Florida Law Cripples Timeshare Sales
First, our disclaimer. We are not attorneys nor hold any legal authority, license, or legal business structure. The following is only our opinion based on our experience dealing with Real Estate law for over 35 years as both an individual and as a licensed Realtor and Broker. Check with your own attorney if you have questions or want a legal opinion on our comments.
Most of this bill deals with the business conduct of the resort and is not pertinent to timeshare unit owners relating to transfer of their own timeshares. We will address those issues here. We will note the pages under discussion. As you review this or any law always remember that sections are important in that they are specific to who and what the relate to. General words are NOT general when used in the legal code.
Before you start you may want to download the actual law that Florida created so you can follow along with the discussion
Start with Section 1. It doesn’t apply to you. Skip it.
Section 2 starts on page 10 with two definitions of importance on page 11.
- “Resale transfer agreement” means a contract or other agreement between a person offering timeshare interest transfer services and a consumer timeshare reseller, in which the person offering timeshare interest transfer services agrees to provide such services as described in s. 721.17(3).
- “Timeshare interest transfer services” means any good or service relating to an offer or agreement to transfer ownership of a consumer resale timeshare interest, or assistance with or a promise of assistance in connection with the transfer of ownership of a consumer resale timeshare interest, as described in s. 721.17(3). The term does not include resale advertising services as provided in this chapter.
Notice it doesn’t list a buyer or receiver. The above definitions relate to the reseller (the owner and seller) and the entity offering transfer service (sales help or closing services) to the seller. In other words, this is discussing the third party involvement in the actual title transfer process between the seller and the final buyer. It does NOT relate to that transfer done solely between the seller and buyer without a third party involvement.
It’s important to understand the significance of this. All the following parts of this section in the law only relate to the broker or title service.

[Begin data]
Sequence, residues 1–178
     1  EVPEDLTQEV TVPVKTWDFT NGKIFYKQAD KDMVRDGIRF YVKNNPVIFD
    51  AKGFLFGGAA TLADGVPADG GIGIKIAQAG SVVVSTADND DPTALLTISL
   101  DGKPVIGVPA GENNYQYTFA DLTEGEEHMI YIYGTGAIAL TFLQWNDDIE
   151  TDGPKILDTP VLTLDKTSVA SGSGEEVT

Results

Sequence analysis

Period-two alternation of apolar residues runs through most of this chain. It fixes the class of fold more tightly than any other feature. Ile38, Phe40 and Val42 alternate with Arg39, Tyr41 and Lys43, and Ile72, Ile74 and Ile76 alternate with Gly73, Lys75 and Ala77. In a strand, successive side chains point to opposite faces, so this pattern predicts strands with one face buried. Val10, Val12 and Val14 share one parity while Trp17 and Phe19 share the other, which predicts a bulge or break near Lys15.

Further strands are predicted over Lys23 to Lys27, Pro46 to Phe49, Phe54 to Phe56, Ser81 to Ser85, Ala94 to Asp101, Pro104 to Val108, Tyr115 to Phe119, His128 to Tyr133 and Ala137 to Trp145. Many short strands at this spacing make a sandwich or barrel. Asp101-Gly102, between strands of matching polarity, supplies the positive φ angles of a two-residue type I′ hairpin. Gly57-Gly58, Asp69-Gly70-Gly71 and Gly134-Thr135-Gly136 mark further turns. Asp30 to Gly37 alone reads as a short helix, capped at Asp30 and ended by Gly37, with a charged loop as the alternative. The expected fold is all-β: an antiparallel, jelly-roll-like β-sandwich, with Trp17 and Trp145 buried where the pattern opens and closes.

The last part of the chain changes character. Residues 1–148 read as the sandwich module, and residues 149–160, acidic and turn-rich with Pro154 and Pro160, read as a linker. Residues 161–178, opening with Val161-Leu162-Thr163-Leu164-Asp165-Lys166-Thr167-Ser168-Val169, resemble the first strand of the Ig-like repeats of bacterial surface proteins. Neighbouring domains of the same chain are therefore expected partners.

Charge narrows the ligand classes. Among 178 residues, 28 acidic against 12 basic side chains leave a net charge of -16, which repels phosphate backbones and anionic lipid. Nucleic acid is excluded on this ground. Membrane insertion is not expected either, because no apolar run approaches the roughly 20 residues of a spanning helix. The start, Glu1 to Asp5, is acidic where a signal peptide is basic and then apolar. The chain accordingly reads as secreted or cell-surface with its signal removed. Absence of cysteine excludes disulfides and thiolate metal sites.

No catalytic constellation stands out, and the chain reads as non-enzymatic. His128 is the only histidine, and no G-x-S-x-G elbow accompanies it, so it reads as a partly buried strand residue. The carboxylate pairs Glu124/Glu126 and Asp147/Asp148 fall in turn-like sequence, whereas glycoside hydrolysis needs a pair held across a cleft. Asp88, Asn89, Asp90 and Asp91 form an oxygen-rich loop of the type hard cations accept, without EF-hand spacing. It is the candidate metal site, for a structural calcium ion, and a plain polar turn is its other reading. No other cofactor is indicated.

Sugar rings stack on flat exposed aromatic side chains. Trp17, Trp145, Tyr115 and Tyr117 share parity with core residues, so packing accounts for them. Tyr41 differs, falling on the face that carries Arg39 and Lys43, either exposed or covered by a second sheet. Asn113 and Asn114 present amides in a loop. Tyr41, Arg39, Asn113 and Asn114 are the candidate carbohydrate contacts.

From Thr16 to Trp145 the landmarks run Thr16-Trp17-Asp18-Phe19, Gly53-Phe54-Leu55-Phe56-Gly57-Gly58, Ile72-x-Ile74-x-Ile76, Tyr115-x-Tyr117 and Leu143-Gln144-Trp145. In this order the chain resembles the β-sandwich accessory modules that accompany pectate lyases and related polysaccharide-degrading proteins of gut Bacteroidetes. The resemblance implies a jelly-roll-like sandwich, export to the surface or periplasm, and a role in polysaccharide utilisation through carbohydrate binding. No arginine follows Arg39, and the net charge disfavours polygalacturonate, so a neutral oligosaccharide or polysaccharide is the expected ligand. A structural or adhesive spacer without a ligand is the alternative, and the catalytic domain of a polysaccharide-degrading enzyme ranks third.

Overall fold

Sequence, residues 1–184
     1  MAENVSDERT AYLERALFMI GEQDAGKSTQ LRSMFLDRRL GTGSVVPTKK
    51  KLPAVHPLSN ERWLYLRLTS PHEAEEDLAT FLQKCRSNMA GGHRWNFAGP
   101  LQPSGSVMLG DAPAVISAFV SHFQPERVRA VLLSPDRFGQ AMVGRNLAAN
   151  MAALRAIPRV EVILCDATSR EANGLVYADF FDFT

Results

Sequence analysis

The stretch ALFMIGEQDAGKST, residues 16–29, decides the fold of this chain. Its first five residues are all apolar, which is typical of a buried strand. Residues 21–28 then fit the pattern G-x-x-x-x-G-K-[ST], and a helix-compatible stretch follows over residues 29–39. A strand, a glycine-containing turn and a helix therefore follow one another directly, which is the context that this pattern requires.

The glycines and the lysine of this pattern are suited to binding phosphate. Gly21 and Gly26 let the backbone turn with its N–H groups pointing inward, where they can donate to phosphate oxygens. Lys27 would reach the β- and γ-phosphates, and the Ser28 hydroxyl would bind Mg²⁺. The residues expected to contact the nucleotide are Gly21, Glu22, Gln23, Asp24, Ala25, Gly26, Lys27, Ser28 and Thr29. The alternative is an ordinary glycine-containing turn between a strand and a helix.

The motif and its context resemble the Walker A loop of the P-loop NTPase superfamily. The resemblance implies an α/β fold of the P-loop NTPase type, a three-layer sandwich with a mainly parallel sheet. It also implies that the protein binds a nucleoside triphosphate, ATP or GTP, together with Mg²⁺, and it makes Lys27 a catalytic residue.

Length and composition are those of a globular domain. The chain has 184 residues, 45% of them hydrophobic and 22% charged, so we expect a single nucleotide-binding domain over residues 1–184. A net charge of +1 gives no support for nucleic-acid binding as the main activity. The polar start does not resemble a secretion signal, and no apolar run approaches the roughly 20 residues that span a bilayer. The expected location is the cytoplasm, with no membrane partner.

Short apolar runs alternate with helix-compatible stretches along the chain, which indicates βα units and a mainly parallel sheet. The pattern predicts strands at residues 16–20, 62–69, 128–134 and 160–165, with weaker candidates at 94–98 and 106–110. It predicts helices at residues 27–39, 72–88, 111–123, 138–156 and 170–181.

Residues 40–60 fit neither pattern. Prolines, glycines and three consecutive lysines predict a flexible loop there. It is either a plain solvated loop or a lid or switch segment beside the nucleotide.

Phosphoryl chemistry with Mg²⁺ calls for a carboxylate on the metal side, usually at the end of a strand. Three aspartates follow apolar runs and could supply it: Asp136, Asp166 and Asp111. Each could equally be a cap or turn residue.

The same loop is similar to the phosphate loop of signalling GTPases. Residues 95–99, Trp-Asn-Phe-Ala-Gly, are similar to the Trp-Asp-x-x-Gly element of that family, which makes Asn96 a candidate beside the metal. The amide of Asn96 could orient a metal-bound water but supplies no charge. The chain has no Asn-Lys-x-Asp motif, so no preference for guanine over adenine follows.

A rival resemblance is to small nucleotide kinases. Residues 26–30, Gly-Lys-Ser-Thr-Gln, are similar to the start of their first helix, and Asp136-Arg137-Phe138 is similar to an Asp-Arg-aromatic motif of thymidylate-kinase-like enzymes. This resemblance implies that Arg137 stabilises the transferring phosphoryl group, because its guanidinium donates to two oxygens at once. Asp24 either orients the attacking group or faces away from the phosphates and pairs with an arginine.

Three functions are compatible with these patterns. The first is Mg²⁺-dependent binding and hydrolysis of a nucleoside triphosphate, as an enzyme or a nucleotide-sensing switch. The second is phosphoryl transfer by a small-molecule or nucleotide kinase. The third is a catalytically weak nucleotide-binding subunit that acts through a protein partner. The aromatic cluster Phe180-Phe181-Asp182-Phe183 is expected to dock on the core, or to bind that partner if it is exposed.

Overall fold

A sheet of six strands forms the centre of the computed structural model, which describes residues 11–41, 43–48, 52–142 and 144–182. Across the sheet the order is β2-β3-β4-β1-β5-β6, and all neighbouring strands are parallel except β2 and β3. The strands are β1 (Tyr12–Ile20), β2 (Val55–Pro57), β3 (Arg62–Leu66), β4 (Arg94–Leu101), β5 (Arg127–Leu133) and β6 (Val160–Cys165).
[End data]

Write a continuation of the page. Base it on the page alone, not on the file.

Section 3 starts on page 11 following the definitions and relates to financial requirements of the developer/company selling timeshare units. It doesn’t apply to you. Skip it.
Section 4 beginning on page 16 essentially upholding normal real estate law requiring how deed transfers are to be held, necessary information due from the resort to the seller and buyer, and how quickly paperwork is to be processed. Other than reviewing the process this is not pertinent and can be skipped.
Section 5 starts on page 18. In the first few pages it deals only with the developer or subsequent entities taking over in that same position (i.e. think Resort). On page 20 (3)(a) if begins to get to the timeshare unit owner (your) level.
Notice that is says specifically, (3)(a) In the course of offering timeshare interest transfer services, no person shall: Now, it’s important to know the previous definitions. This whole section (3) only applies to third party brokers or escrow services – NOT you as an owner.
Finally we get to the good part. On page 23 at the bottom it states,
4. The escrow agent… This is critical. All of this and it’s subparts (#) ONLY relate to the escrow agent. In particular:
(e) No person shall participate, for consideration or with the expectation of consideration, in a plan or scheme, a purpose of which is to transfer a consumer resale timeshare interest to a transferee that the person knows does not have the ability, means, or intent to pay all assessments and taxes associated with the consumer resale timeshare interest.
It goes on in:
(g) A managing entity may bring an action to enforce the provisions of paragraph (e). In any such action, the managing entity may recover its actual damages, and the prevailing party may recover its reasonable attorney fees and court costs.
How long can this be done? Not specified. What actual damages? Includes all unpaid membership fees, charges, maintenance, etc. since the date of title transfer.
Since this laws enactment, many escrow services have refused to deal with Florida Timeshares. Any wonder why? According to the legal advisors of the Resorts, if such a transfer is made, even without foreknowledge by the escrow service, it can be held responsible for such actions or at least forced to pay legal fees to defend themselves and prove they didn’t know. Such is society today. The simple accusation is damaging enough.
The rest of the bill deals with the foreclosure process and doesn’t apply to you unless you allow the resort to foreclose on you.
If the transfer is between you and the actual person or entity taking title,
you are safe.
This law doesn’t apply to you.